Efficient ways to identify children with HIV in the context of universal test-and-treat policies are needed. We evaluated a hybrid testing strategy combining mobile community and home-based HIV testing in 87,700 children across 32 rural communities in 2 East African countries. This approach resulted in 81% testing coverage of at-risk children and doubled the number of children diagnosed with HIV.
From the *Center for Microbiology Research, Kenya Medical Research Institute, Kisumu, Kenya
†University of California, San Francisco, California
‡School of Public Health and Health Sciences, University of Massachusetts, Amherst, Massachusetts
§College of Health Sciences, Makerere University, Kampala, Uganda
¶School of Public Health, University of California, Berkeley, California.
Accepted for publication May 20, 2018.
Supported by Division of AIDS, National Institute of Allergey and Infectious Diseases (NIAID) of the National Institutes of Health under award numbers U01AI099959 and 5UM1AI068636 and in part by the President’s Emergency Plan for AIDS Relief, Bill and Melinda Gates Foundation, and Gilead Sciences.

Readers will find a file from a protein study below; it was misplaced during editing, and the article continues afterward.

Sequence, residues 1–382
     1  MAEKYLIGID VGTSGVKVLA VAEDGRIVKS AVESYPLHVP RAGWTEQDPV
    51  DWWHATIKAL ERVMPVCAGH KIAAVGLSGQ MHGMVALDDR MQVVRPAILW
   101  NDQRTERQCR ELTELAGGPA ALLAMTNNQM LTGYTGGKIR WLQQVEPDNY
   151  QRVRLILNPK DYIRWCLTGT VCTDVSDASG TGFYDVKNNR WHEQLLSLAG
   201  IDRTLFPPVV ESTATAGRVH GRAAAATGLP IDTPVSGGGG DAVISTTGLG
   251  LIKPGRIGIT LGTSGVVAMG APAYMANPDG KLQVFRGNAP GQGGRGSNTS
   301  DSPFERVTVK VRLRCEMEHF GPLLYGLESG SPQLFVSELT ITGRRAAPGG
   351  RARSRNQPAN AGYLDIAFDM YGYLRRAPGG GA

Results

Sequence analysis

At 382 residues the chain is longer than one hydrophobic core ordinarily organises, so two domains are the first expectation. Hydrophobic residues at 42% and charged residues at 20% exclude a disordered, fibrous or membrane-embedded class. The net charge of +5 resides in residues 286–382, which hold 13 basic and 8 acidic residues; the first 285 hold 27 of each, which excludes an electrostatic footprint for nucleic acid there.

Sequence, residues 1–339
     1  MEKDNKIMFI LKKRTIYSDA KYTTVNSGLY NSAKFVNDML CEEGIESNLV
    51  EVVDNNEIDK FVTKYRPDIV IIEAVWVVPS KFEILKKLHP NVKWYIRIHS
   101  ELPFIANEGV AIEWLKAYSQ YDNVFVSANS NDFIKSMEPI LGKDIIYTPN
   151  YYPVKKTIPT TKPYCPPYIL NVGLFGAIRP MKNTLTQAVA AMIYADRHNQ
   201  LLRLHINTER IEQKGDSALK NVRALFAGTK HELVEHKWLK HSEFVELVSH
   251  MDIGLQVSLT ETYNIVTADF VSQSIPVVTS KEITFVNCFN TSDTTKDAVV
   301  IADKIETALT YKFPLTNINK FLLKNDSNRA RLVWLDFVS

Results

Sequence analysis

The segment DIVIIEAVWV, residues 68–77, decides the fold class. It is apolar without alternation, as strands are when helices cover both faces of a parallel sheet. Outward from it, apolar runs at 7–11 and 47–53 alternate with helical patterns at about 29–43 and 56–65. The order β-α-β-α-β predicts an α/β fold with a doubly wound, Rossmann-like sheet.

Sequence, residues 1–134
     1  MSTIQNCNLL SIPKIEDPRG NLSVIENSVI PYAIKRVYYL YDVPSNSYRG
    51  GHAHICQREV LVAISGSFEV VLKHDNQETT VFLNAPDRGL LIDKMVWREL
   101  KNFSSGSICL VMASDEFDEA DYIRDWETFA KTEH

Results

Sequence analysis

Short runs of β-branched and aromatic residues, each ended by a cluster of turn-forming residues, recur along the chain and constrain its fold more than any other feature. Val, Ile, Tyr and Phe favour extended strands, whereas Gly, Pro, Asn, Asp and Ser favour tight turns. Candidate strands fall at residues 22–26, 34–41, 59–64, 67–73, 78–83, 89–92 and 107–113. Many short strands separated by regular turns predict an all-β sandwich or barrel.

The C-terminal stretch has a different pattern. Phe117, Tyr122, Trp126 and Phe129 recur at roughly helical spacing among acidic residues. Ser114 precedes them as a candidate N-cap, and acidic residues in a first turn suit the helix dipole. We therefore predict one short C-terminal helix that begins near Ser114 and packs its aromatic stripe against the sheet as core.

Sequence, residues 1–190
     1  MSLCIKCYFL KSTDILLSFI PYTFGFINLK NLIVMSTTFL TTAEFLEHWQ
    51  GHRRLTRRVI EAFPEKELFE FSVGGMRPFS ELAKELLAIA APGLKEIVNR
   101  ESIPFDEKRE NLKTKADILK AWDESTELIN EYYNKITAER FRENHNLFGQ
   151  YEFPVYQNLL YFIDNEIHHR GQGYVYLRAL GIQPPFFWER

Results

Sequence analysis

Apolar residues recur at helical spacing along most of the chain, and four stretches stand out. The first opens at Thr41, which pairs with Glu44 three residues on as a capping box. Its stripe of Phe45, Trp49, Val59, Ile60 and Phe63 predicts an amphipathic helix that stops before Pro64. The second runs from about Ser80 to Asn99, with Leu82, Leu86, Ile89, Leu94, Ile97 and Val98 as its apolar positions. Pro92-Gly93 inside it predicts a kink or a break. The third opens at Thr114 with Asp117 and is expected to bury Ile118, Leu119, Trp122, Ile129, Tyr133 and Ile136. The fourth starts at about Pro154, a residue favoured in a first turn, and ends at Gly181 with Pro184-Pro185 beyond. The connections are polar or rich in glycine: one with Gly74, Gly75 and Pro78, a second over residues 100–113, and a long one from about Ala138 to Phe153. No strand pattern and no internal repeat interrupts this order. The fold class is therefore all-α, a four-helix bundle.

E.D.C. reports grants from National Institutes of Health, during the conduct of the study. D.V.H. reports grants from National Institutes of Health, nonfinancial support from Gilead Sciences, during the conduct of the study; grants from National Institutes of Health, grants from Gates Foundation, outside the submitted work. The other authors have no conflicts of interest to disclose.
Address for correspondence: James Ayieko, MB ChB, MPH, Kenya Medical Research Institute, P.O. Box 614–40100 Kisumu, Kenya. E-mail: firstname.lastname@example.org.